Who should buy a house in 2021, and who should wait?

July 12, 2021 - 6 min read

Should I buy a house now?

It’s no secret that the housing market is hot right now. Still, that hasn’t stopped homebuyers.

Despite rising home prices, low supply, and near-constant bidding wars, Americans are buying homes in record numbers. According to the National Association of Realtors, more homes were bought in 2020 than any year since 2006.

Should you follow suit and buy that dream home now? Or does it make sense to wait until the market has cooled off? Let’s dive in.

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>Related: How to buy a house with $0 down: First-time home buyer

Pros of buying a house in 2021

It might seem like today’s housing market is all bad news: rising prices, falling affordability, and so on. But there are definitely some perks to buying a house right now.

Low interest rates boost affordability

For one, mortgage rates are low. According to Freddie Mac, interest rates on 30-year loans averaged 2.96% in May 2021. Just two years ago? That average was well over 4%.

Economists expect rates to keep rising this year and next. They could go above 3.25% or even 3.5% by the end of the year.

Say you buy a home worth $400,000. With a 20 percent down payment ($80,000), you have a mortgage loan amount of $320,000.

Here’s how your savings might compare at today’s low mortgage rates versus forecasted rates for late 2021:

Loan Amount$320,000$320,000
30-Year Fixed Rate12.96%3.50%
Monthly Mortgage Payment$1,340$1,440
Total Interest Paid (30 Years)$163,200$197,300

1Interest rates are for sample purposes only. Your own mortgage rate will be different

The result is a more affordable monthly payment, fewer long-term interest costs, and a bigger home buying budget (or, often, all three).

Rising home values create equity

Buying right now also allows you to take advantage of record-breaking home price growth.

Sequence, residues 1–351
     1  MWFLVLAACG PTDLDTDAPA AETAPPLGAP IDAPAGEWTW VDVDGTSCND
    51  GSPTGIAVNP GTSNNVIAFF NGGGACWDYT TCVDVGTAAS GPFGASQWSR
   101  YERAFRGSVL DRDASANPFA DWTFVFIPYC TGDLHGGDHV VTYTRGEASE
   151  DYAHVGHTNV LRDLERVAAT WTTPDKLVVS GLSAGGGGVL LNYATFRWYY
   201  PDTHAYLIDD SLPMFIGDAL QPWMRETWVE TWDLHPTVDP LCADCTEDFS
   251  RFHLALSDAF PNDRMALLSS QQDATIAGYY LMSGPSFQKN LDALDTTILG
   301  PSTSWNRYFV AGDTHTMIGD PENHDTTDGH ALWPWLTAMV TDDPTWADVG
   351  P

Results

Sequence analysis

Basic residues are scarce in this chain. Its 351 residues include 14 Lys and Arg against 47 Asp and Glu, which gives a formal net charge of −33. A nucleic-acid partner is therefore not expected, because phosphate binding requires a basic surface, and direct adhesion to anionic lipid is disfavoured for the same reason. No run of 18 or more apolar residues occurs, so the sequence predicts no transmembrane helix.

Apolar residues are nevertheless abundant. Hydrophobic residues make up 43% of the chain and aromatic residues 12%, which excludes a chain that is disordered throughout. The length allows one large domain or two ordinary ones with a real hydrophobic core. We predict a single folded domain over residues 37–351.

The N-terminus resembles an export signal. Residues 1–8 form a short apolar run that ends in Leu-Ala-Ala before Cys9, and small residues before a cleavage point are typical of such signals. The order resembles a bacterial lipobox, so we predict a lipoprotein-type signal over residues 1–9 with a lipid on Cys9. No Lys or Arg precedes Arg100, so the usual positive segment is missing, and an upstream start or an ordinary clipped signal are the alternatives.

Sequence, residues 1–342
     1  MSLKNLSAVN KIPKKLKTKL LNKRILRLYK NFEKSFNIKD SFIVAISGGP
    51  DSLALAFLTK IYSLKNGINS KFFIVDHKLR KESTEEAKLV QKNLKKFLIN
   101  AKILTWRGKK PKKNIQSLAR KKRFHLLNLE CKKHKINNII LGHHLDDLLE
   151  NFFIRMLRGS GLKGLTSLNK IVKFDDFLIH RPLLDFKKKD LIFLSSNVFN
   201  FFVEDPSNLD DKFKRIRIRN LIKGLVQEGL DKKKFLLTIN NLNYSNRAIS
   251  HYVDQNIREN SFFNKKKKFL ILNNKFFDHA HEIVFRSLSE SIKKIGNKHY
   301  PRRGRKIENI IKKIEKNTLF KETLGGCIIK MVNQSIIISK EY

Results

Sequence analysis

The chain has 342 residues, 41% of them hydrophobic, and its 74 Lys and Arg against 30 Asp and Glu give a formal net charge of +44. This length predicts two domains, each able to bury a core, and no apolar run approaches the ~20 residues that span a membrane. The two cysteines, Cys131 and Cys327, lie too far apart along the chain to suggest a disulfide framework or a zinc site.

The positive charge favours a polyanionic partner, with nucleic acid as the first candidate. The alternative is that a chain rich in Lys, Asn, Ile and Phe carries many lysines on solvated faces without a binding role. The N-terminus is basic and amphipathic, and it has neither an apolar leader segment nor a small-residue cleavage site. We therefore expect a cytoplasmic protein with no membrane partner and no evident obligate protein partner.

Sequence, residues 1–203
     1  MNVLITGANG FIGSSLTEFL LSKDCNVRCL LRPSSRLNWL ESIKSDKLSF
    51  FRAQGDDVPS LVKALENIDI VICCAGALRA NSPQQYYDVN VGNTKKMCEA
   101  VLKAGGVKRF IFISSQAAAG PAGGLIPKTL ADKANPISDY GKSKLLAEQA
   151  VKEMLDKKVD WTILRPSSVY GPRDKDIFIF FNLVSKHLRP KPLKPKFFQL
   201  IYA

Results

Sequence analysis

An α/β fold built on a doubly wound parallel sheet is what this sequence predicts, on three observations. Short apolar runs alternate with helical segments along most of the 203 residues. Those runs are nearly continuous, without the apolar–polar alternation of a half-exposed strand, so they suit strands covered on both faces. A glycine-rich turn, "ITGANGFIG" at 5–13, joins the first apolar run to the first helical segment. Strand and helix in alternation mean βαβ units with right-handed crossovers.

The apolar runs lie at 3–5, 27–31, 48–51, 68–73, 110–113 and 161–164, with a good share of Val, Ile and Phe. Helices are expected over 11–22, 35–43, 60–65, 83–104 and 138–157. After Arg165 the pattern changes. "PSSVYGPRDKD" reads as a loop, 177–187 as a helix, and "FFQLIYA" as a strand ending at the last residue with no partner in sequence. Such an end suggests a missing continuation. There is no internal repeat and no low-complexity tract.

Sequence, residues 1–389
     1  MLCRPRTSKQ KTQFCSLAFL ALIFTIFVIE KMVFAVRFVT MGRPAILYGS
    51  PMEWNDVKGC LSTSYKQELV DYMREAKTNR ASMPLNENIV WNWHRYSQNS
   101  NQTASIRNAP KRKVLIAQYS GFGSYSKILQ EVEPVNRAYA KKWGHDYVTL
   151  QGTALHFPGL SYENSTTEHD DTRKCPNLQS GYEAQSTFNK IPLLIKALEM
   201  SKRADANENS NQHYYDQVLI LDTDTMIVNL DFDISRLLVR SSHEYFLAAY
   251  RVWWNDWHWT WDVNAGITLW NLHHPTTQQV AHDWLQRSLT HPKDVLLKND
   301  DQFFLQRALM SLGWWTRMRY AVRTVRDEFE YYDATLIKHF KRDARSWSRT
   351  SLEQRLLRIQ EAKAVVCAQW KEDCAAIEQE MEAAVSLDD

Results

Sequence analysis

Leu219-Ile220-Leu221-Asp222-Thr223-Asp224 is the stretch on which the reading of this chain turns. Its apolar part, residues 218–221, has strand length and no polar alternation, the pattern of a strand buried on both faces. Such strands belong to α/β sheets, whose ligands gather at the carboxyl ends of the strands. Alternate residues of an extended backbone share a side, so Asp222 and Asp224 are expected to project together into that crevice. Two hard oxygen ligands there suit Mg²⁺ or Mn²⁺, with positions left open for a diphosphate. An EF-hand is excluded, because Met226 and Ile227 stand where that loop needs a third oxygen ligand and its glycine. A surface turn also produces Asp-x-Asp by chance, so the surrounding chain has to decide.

Prices have risen over 15% in the last year, giving homeowners — even newly minted ones — serious profits when they decide to sell. Buying now would give you a chance to capitalize on this growth and really build up your equity fast.

There are plenty of mortgage options

Today’s buyers can choose from a wide range of no- and low-down-payment mortgage options to make home buying more affordable.

Yes, you may have to pay private mortgage insurance (PMI) if you put less than 20 percent down. But that’s not always a bad thing.

Putting less money down can help you buy sooner and benefit from rising home values — rather than waiting to save 20 percent and chasing higher purchase prices later on.

And, it lets you save more of your money for closing costs, home repairs, emergency funds, and other expenses that are sure to come up for a new homeowner.

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Cons of buying a house in 2021

The drawbacks to buying a house in today’s market are numerous.

Low inventory

Inventory is extremely low, which means slim pickings and a very high rate of bidding wars. This drives up home prices and makes buying a house — not to mention affording one — even more difficult.

In a seller’s market like this one, it’s common for bidders to go above asking price. And you may have to do the same if you’re hoping to secure a new home this year.

Competition from cash buyers

On top of this, there’s also a serious uptick in cash buyers to worry about.

These can be quite tempting for home sellers, offering a sure-fire sale, a quick closing, and other handy perks — especially when compared to mortgaged offers.

Unfortunately, according to ATTOM Data Solutions, cash offers account for over a quarter of all home purchases these days.

But that doesn’t mean mortgage borrowers are out of luck. There are multiple strategies you can use to compete with a cash offer. At the end of the day, the vast majority of buyers still use a home loan — and so can you.

Tougher mortgage standards

Mortgage lenders raised the bar for home buyers during the coronavirus pandemic.

Due to increased financial risks, lenders wanted to see higher credit scores, bigger down payments, and often substantial cash reserves in order to qualify for a mortgage loan. This made it tougher for many first-time home buyers to secure a home loan.